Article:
JACKSON, MISS– ReNew Mississippi, co-chaired by First Lady Deborah Bryant and Supreme Court Justice Dawn Beam, has set forth to address child abuse in Mississippi by intercepting drug abuse first.
Currently, Mississippi has the highest neonatal abstinence rates (rates of infants born addicted to drugs because of a pregnant mother’s drug use) in the East South Central division of the United States, with 16.2 per 1,000 hospital births showing signs of complications and withdrawals in the newborn, according to the US Census Division.
“There’s a direct link between the rise of drug use in Mississippi and the increase of child abuse,” said Supreme Court Justice Dawn Beam.
But ReNew Mississippi has a plan.
“We intercept these mothers before birth, get them treatment and off drugs before the child is born,” said Justice Beam. “So that child can go home with that mother.”
Beam said in the past, the child would be taken from the mother at birth if there were signs of drug abuse during the pregnancy.
“And that’s just another trauma for her (the mother),” said Beam.
Parents addicted to drugs will sometimes go to extreme lengths to get their drugs.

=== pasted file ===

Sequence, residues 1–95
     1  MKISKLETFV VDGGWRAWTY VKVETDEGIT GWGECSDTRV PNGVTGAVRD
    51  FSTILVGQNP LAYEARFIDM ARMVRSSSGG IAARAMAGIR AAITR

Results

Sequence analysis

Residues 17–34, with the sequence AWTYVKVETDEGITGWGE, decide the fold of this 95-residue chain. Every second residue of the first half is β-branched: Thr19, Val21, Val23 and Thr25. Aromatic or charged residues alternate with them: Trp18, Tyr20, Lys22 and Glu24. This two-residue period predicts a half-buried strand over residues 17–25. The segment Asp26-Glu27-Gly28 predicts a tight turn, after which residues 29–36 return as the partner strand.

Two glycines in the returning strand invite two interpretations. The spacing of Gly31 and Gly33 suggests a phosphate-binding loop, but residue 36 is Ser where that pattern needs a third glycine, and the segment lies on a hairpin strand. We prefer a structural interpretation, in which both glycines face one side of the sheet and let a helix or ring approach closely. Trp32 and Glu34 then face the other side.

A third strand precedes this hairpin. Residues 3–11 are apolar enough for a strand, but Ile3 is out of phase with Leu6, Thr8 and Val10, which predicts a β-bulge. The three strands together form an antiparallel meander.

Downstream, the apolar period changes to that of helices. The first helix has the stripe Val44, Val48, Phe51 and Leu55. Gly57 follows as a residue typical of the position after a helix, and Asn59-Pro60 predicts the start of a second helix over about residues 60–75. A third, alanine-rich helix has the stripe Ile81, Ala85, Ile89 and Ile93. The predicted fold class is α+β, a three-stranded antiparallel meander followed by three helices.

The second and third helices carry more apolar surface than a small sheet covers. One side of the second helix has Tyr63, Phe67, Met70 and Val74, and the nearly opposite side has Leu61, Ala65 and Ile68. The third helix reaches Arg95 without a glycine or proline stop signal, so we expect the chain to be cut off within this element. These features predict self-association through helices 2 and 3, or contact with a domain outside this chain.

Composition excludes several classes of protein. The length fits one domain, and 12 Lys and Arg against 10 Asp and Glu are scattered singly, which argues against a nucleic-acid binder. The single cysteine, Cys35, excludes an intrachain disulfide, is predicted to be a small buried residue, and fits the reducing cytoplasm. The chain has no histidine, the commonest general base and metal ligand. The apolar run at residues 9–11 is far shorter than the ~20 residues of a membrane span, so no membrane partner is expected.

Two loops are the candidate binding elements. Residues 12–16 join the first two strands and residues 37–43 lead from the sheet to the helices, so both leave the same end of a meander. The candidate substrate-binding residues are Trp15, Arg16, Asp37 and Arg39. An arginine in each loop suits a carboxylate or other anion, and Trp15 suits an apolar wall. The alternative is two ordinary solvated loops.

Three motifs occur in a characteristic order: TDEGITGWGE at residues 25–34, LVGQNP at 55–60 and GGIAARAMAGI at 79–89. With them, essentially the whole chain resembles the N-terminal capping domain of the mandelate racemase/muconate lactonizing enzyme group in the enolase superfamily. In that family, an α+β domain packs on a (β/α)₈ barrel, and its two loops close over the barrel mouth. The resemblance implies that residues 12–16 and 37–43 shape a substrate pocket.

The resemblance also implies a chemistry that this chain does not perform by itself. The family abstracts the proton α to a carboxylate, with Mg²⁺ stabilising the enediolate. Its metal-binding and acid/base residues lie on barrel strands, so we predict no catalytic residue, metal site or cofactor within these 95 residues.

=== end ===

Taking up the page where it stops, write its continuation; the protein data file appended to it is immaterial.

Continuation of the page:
“These parents will sell their children,” said First Lady Bryant. “That brings the human trafficking element into it.”
Every 25 minutes, a baby is born suffering with symptoms of opioid withdrawal. Maternal opioid abuse and the rate of neonatal abstinence syndrome has steadily increased in the last decade. In 2012, an estimated 21,732 infants were born with withdrawal symptoms.
The impacts of drug addiction in infants last well beyond their formative years. Medical care costs for drug-exposed infants for the first 18 years of life can range up to $750,000. Over the course of that child’s lifetime, the costs of medical care could rise to 1 million dollars.
In 2009, total U.S. hospital costs for drug-exposed infants reached $732,000. In 2012, that number was up to $1.5 billion.
ReNew Mississippi released a seven step strategic plan for addressing this growing problem in the state.
- System of identifying families
- Early access to substance use treatment and other services
- Access to family-centered and parent-child focused services
- Improved management of recovery and compliance
- Improved responses to participant behavior
- Increased judicial or administrative oversight
- Collaborative approach across staff, child-and-family agencies, hospitals, parent-child therapy agencies, and child development therapies